In addition i suggest to write the value of @error and @extended to your log file as well. Makes debugging much easier ;)

StdoutRead sets @error when there is no data left to read. Do you always expect some data to be read from Stdout?

According to https://www.autoitscript.com/autoit3/docs/functions/ProcessWaitClose.htm

it says "Failure:     0 if the wait timed out. On invalid PID the @error flag is set to non-zero and @extended is set to 0xCCCCCCCC."

If something returns an @error flag, I should check for it, yes?

I don't have a log file. The LogError function also displays the error message on a Log window on-screen, too, but I cut that out in the example.


Gerard J. Pinzonegpinzone AT yahoo.com

Share this post


Link to post
Share on other sites
14 minutes ago, mikell said:

"Return" defines the value returned by the main function
Example :

Pseudo-code

$result = RunProgram($sInputFilename)
Msgbox(0,"", $result)

Func RunProgram($sInputFilename)
.....
If ... Return SetError(1, 4, "Error was here")
....
EndFunc

Real example (from help file)

#include <MsgBoxConstants.au3>

Local $fResult = myDiv(5, 0)
MsgBox($MB_SYSTEMMODAL, "Result", $fResult)
Exit

Func myDiv($iDividend, $iDivisor)
    If $iDivisor = 0 Then
        Return SetError(1, 0,"Plain division by zero")
    EndIf
    Return $iDividend / $iDivisor
EndFunc   ;==>myDiv

 

Yes, the example makes sense since not only are we identifying an error, but we're returning a text string that goes into the result. (Nevermind that we're passing a string into variable that expects a float, but I digress...)

My program doesn't really use the values returned by SetError. I suppose they could one day, but they don't now. The Returns are really to control program flow. The function stops processing on an error thanks to the Return. It would work just as well using  "Return False." The main program doesn't care what it actually returns. All the error messages are generated by the function, where in your example from the help file, the return value is the error message and is handled by the main program.

I suppose I could eliminate the Returns altogether by using If Then..ElseIf..Else for the whole function. The function works as is, but I am more concerned about good practice.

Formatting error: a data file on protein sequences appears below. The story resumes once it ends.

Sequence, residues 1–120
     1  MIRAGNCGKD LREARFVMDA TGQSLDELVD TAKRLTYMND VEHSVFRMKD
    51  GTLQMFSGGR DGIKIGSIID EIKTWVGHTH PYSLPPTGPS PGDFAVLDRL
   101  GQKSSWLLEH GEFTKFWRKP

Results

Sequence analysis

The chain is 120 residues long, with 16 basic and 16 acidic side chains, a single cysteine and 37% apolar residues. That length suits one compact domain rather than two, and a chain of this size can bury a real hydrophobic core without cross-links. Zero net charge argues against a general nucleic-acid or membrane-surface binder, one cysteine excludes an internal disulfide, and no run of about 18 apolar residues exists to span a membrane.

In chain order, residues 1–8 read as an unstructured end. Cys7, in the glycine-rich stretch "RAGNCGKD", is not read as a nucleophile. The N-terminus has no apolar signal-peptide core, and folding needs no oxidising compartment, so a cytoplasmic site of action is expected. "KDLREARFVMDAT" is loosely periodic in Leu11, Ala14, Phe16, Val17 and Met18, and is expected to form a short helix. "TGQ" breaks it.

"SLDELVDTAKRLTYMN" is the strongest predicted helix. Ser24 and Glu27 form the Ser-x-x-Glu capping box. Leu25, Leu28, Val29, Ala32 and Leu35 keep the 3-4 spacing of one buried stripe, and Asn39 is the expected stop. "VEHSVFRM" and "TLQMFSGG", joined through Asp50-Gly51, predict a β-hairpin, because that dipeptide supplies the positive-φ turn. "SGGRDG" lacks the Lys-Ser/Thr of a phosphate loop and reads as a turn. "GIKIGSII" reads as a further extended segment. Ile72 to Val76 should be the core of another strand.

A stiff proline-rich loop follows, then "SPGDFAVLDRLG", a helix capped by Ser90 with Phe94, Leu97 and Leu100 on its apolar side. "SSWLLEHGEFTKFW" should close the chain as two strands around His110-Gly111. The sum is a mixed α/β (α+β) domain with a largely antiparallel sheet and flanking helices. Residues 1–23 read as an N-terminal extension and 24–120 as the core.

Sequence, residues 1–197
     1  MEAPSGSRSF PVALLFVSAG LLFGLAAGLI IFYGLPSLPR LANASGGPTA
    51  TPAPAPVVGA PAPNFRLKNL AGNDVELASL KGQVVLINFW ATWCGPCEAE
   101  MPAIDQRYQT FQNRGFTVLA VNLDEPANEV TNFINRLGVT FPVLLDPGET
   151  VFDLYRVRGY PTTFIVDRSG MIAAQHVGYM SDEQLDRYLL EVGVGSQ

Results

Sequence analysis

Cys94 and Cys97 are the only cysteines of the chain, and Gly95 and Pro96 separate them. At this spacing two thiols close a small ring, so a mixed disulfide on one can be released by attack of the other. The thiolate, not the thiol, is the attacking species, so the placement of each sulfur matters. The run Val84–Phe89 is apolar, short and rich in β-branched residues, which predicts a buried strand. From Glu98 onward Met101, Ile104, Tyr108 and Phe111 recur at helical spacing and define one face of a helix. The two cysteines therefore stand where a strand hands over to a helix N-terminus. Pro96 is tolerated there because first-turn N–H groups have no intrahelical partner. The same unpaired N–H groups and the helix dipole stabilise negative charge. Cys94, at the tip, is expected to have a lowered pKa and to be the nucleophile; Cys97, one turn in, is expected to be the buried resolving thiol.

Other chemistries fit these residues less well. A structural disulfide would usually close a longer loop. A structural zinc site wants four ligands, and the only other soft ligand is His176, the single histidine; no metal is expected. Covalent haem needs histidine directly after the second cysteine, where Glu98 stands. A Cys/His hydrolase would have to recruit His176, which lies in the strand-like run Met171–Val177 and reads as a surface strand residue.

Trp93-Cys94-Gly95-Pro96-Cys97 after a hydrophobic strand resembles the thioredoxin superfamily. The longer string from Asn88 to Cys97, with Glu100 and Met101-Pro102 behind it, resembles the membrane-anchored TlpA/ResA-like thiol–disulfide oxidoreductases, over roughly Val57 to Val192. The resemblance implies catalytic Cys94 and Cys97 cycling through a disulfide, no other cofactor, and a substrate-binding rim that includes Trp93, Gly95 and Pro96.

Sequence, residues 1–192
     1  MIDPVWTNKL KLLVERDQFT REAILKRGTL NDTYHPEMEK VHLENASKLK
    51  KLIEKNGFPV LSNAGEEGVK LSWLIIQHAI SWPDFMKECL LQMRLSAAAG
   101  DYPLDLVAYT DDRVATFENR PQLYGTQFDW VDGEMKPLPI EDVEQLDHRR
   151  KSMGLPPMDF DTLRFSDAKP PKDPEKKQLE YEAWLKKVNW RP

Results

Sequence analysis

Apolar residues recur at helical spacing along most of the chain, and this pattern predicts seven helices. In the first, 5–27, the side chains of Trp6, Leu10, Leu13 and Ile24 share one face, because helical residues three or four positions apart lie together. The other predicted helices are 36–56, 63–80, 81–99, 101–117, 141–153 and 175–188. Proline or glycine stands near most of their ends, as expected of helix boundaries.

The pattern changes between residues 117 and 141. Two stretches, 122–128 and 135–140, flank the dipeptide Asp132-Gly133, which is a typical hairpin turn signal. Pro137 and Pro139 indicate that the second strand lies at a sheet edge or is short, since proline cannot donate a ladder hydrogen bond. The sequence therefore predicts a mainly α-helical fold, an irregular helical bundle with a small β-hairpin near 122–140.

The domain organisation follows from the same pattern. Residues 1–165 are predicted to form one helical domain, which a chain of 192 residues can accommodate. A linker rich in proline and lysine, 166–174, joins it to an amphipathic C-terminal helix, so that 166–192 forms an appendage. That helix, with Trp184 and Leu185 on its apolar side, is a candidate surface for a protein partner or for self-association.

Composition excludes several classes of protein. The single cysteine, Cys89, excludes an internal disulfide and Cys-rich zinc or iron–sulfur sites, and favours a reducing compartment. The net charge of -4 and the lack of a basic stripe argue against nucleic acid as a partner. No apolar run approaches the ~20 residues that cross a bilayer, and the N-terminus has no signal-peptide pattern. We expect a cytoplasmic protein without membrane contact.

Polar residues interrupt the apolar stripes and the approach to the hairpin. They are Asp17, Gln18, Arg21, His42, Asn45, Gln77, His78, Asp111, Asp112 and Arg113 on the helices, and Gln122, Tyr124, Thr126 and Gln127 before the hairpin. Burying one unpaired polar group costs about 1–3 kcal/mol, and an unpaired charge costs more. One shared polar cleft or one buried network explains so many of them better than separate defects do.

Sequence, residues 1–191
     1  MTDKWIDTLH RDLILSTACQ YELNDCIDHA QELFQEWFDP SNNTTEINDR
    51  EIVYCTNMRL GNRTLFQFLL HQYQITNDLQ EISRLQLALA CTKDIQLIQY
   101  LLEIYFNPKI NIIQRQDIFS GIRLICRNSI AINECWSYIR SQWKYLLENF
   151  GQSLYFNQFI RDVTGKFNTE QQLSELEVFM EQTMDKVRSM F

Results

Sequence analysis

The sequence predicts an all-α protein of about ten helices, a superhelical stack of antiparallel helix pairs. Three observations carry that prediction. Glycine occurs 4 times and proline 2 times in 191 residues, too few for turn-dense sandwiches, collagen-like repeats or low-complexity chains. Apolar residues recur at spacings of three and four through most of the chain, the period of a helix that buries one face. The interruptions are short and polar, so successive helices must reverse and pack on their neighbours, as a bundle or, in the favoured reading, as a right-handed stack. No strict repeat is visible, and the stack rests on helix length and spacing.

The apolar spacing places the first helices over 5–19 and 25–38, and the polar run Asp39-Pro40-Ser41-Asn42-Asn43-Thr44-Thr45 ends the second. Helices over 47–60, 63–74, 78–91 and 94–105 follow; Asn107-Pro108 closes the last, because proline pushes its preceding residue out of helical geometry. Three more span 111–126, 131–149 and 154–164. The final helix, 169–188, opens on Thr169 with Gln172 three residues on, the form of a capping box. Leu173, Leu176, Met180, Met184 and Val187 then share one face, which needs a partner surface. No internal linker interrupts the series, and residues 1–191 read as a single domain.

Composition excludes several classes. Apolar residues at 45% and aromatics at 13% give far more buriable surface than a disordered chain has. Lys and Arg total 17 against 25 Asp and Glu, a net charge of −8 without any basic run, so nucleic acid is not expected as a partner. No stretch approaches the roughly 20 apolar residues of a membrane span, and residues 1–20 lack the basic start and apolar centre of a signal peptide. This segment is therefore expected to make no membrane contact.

Gerard J. Pinzonegpinzone AT yahoo.com

Share this post


Link to post
Share on other sites
10 minutes ago, GPinzone said:

According to https://www.autoitscript.com/autoit3/docs/functions/ProcessWaitClose.htm
it says "Failure:     0 if the wait timed out. On invalid PID the @error flag is set to non-zero and @extended is set to 0xCCCCCCCC."
If something returns an @error flag, I should check for it, yes?

My bad :>. I mixed up Return value and @error.

1 person likes this

My UDFs and Tutorials:

Spoiler

UDFs:
Active Directory (NEW 2017-04-18 - Version 1.4.8.0) - Download - General Help & Support - Example Scripts - Wiki
OutlookEX (NEW 2017-02-27 - Version 1.3.1.0) - Download - General Help & Support - Example Scripts - Wiki
ExcelChart (2015-04-01 - Version 0.4.0.0) - Download - General Help & Support - Example Scripts
Excel - Example Scripts - Wiki
Word - Wiki
PowerPoint (2015-06-06 - Version 0.0.5.0) - Download - General Help & Support

Tutorials:
ADO - Wiki

 

Share this post


Link to post
Share on other sites
7 hours ago, GPinzone said:

My program doesn't really use the values returned by SetError

Hum, am I wrong or the topic title was "Proper use of SetError in a function" ?
If you need none of the values returned by SetError, then just don't use SetError and use instead the good old "if @error Then Return". This is good practice  :)

Share this post


Link to post
Share on other sites

Create an account or sign in to comment

You need to be a member in order to leave a comment

Create an account

Sign up for a new account in our community. It's easy!


Register a new account

Sign in

Already have an account? Sign in here.


Sign In Now